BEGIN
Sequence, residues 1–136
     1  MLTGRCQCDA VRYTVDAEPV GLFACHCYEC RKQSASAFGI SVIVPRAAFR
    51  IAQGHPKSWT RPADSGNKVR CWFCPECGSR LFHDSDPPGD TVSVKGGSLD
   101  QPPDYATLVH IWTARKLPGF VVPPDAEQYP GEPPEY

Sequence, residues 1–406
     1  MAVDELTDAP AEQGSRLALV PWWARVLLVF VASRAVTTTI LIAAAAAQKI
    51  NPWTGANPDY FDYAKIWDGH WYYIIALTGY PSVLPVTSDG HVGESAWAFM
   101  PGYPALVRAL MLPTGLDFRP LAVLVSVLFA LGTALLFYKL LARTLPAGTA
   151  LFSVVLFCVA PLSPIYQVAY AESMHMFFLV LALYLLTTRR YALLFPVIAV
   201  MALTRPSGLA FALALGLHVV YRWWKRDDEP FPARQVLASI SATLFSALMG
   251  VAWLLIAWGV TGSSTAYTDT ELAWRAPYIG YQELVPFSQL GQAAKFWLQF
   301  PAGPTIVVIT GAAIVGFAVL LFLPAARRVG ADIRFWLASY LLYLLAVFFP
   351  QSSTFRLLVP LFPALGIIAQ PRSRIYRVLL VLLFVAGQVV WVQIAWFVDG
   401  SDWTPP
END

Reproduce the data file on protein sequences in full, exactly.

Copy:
Sequence, residues 1–136
     1  MLTGRCQCDA VRYTVDAEPV GLFACHCYEC RKQSASAFGI SVIVPRAAFR
    51  IAQGHPKSWT RPADSGNKVR CWFCPECGSR LFHDSDPPGD TVSVKGGSLD
   101  QPPDYATLVH IWTARKLPGF VVPPDAEQYP GEPPEY

Sequence, residues 1–406
     1  MAVDELTDAP AEQGSRLALV PWWARVLLVF VASRAVTTTI LIAAAAAQKI
    51  NPWTGANPDY FDYAKIWDGH WYYIIALTGY PSVLPVTSDG HVGESAWAFM
   101  PGYPALVRAL MLPTGLDFRP LAVLVSVLFA LGTALLFYKL LARTLPAGTA
   151  LFSVVLFCVA PLSPIYQVAY AESMHMFFLV LALYLLTTRR YALLFPVIAV
   201  MALTRPSGLA FALALGLHVV YRWWKRDDEP FPARQVLASI SATLFSALMG
   251  VAWLLIAWGV TGSSTAYTDT ELAWRAPYIG YQELVPFSQL GQAAKFWLQF
   301  PAGPTIVVIT GAAIVGFAVL LFLPAARRVG ADIRFWLASY LLYLLAVFFP
   351  QSSTFRLLVP LFPALGIIAQ PRSRIYRVLL VLLFVAGQVV WVQIAWFVDG
   401  SDWTPP